MSE graduate student’s research puts rare earth magnets to work

Nathaniel Oster, a PhD student in materials science and engineering, is part of a research group developing rare earth magnets that can be used at temperatures around 200 degrees centigrade. The work has important implications for the auto industry because in electric motors a stronger magnet facilitates greater efficiency. The magnets currently used in electric, hybrid, and experimental fuel cell cars lose about half of their power when they are heated to 250 degrees Fahrenheit.

The characteristics of rare earth magnets, based on a mixture of neodymium, iron, and boron, can be altered by adding other elements. Challenges include finding an alloy with desired properties, producing a magnet powder, and consolidating the powder.

Working under Iver Anderson, adjunct professor and senior metallurgist in the U.S. Department of Energy’s Ames Laboratory, Nathaniel is part of a research group of three principal investigators, two additional PhDs conducting data collection, and an assistant scientist who holds a master’s degree. They are working on metallic “super glue,” seeking to add metals to get better adhesion without detracting from the magnetism. This Ames Laboratory project is sponsored by the U.S. Department of Energy through EERE (Energy Efficiency and Renewable Energy) and the FreedomCAR (hybrid electric car).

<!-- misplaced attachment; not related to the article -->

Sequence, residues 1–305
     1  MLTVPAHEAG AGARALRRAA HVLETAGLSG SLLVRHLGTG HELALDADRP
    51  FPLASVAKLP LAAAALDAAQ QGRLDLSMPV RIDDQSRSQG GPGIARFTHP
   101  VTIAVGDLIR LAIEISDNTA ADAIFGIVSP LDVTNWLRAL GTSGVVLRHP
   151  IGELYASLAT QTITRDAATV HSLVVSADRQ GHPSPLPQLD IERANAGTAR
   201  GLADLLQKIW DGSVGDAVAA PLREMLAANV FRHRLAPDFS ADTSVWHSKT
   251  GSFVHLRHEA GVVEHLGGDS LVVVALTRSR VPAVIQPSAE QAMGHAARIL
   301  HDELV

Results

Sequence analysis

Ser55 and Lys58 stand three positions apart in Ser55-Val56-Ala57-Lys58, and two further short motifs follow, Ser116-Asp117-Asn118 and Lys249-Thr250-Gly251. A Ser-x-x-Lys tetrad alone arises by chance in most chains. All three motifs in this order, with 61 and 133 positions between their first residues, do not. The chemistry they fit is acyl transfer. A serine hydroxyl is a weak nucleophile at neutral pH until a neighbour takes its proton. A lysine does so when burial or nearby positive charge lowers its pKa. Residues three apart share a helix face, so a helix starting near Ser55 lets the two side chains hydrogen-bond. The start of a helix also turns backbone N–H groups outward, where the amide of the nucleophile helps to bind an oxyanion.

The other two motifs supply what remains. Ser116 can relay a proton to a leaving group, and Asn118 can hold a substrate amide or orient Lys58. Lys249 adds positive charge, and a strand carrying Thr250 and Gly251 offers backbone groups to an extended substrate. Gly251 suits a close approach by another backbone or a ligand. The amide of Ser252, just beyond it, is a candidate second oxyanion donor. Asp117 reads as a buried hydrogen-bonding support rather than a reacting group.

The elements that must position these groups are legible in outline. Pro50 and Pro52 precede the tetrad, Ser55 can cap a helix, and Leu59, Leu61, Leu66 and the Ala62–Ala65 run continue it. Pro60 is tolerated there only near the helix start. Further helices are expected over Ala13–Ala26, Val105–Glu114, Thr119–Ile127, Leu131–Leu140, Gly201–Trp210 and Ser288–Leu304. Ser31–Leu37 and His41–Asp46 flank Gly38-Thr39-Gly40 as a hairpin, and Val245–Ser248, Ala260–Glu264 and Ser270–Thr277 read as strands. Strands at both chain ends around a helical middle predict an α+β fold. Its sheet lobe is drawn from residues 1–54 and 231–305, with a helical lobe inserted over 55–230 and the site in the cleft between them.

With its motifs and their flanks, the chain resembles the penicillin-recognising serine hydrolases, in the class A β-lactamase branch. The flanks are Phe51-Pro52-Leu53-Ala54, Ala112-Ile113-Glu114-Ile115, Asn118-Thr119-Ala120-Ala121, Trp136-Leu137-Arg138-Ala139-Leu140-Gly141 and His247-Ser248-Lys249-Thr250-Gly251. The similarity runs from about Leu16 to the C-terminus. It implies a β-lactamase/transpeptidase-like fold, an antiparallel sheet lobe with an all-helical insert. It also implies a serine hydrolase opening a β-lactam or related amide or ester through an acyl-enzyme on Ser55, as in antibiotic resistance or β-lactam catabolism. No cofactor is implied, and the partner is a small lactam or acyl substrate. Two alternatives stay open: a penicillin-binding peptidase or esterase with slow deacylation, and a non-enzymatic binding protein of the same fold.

A second project Nathaniel is working on relates to isotropy of powders. His research group is working on developing anisotropic powders, which magnetize in only one direction. The resulting magnets are much stronger. This research is tied closely to the automotive industry. These magnets will improve the efficiency of high torque electric motors, particularly necessary for hybrid and electric cars.

Being affiliated with the Ames Laboratory provides excellent opportunities for Nathaniel as he performs cutting-edge research on materials. The research is well funded, facilities are excellent, Nathaniel has access to research instruments not commonly found on a college campus, and his work is conveniently located on campus.

Nathaniel’s future offers several options. He might pursue a postdoctoral position, choose an industrial experience with a company that produces magnets, or become a professor at a large research university.

 

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